Unfortunately the term "Great" is rather overplayed this year and, as several tourists have observed, the bargains are not immediately obvious.
Not that one can blame the retailers, many of whom are struggling to survive in the depths of the current recession and of course, there are only so many 'new suitcases' that one needs to buy.
From the upper level of the 111 bus going down Orchard Road I noted a feeding frenzy in the Gucci shop in Paragon Shopping Mall. Apart from that the place seemed quiet especially for a weekend.
Malls are resorting to other attractions to draw in the crowds. In Plaza Singapura a large dinosaur display had its young audience in raptures (a rather unfortunate pun). The Singapore Science Centre Explainers were excellent in the manner they entertained and educated the children.
Nearby in the Capitol Theatre, the teenage audience were queuing up to audition for Singapore Idol 2009. Many had camped out overnight to be first to get on stage.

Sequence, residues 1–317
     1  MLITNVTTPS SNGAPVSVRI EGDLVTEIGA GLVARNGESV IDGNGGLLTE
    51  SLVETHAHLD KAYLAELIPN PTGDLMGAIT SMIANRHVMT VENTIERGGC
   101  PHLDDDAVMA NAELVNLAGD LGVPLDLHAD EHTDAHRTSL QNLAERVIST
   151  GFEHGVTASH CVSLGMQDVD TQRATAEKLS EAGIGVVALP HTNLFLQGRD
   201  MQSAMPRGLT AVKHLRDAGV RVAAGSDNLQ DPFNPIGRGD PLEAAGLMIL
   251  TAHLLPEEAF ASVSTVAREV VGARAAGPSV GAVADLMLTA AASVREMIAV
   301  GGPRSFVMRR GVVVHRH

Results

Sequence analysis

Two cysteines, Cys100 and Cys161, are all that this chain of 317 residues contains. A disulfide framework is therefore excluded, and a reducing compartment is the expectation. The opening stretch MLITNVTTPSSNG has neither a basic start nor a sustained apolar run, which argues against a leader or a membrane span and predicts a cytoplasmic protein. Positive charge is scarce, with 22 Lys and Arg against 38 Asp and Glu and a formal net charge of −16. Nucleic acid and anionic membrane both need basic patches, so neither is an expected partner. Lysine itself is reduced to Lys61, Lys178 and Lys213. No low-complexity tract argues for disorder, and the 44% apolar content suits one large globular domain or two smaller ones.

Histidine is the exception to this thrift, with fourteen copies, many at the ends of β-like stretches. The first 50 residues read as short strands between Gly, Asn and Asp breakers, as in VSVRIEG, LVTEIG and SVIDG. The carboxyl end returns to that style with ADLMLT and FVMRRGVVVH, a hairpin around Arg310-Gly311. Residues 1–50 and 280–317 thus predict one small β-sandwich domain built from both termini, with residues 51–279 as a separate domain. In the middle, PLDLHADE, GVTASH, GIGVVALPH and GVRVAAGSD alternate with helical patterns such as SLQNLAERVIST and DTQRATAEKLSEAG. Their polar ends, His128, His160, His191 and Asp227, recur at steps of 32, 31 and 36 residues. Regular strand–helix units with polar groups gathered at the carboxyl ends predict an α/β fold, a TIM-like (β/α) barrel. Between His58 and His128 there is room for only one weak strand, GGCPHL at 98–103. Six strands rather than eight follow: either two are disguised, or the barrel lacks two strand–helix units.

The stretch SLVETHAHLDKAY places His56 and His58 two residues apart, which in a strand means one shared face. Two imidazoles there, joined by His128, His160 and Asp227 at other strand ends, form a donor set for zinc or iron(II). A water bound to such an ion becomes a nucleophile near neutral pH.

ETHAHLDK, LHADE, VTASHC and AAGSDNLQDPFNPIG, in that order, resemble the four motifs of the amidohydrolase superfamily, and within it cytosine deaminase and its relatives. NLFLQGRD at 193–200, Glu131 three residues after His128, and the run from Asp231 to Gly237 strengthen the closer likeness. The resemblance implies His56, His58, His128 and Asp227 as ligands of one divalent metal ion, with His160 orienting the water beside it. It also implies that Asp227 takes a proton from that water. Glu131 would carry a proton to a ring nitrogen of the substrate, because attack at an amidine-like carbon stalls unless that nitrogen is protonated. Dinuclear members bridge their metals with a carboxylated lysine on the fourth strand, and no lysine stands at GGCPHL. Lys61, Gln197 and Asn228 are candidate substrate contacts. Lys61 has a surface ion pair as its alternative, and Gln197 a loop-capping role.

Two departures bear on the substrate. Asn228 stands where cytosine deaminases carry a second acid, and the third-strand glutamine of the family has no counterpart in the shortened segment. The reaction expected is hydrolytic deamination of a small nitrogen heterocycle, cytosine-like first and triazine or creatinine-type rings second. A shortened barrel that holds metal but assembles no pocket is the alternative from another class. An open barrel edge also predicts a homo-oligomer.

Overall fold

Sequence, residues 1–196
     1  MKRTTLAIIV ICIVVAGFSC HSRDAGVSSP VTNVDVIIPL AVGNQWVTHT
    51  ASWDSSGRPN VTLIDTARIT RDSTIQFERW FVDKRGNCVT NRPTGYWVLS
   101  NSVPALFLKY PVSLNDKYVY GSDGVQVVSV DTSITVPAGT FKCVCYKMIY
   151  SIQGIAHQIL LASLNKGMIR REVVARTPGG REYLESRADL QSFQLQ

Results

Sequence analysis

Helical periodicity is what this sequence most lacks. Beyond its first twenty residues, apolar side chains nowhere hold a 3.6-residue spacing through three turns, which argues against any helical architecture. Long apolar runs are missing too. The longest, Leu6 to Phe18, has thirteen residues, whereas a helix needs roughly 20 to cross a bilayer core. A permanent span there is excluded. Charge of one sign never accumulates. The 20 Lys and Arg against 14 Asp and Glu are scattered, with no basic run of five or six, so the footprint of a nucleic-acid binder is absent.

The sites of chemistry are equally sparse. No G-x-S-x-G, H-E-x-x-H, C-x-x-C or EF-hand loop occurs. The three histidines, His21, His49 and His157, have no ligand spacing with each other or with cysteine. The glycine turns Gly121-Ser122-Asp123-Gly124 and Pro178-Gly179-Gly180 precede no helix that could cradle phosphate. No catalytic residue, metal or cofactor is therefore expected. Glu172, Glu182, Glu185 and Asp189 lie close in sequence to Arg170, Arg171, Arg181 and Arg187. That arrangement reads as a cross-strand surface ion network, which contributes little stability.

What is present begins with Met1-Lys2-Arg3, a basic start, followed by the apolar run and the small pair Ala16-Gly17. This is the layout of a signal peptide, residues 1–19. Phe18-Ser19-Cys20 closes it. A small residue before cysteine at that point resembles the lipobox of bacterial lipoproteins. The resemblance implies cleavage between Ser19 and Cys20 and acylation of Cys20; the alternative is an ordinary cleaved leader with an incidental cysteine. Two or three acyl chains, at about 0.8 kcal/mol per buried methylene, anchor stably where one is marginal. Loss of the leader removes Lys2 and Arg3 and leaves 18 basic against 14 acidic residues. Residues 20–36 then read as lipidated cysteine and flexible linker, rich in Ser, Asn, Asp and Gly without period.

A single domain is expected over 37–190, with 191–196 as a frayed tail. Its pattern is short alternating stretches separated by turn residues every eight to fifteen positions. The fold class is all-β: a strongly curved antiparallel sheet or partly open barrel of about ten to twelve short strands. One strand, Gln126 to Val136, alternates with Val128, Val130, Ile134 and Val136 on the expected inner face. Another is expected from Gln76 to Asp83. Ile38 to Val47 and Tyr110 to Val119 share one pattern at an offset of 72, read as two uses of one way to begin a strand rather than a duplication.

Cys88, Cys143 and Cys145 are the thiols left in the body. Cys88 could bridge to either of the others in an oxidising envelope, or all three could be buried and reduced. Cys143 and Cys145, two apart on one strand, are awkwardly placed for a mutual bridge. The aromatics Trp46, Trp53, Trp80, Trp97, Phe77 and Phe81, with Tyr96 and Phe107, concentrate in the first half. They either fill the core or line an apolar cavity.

Reports in the evening news said that 4,000 people turned up to the auditions and such was the demand that the judges are going to be subjected to a second day of excruciating auditory abuse.
Sunday, 31 May 2009
Despite the economic downturn Singaporean remain enthusiastic adaptors of new technologies. One only has to look at the full page advertising for mobile phone each Friday to appreciate this constant desire to upgrade.
The same applies to credit cards which every bank and most large department stores attempt to hook people with. It is the local custom to question any annual charges and express a strong desire not to have to pay these.
If there is a negative response from the card purveyor then Singaporeans will simply cancel the card and apply for another from a different source. This equally applies to the range of benefits that a card can provide. Electronic gadgets come in all shapes and sizes. Most malls have at least two retailers selling massage chairs that clamp your calves, or vibrating neck collars. Irradiated ankle socks and other bizarre electrical gadgets complete the self-medication kit.
In a more positive vein, it is the tropical fruit season in Singapore and we are enjoying the Thai mangoes and lychees from China (which are much more juicy than the Thai variety). These fruit are more beneficial to health than a warehouse full of massage chairs.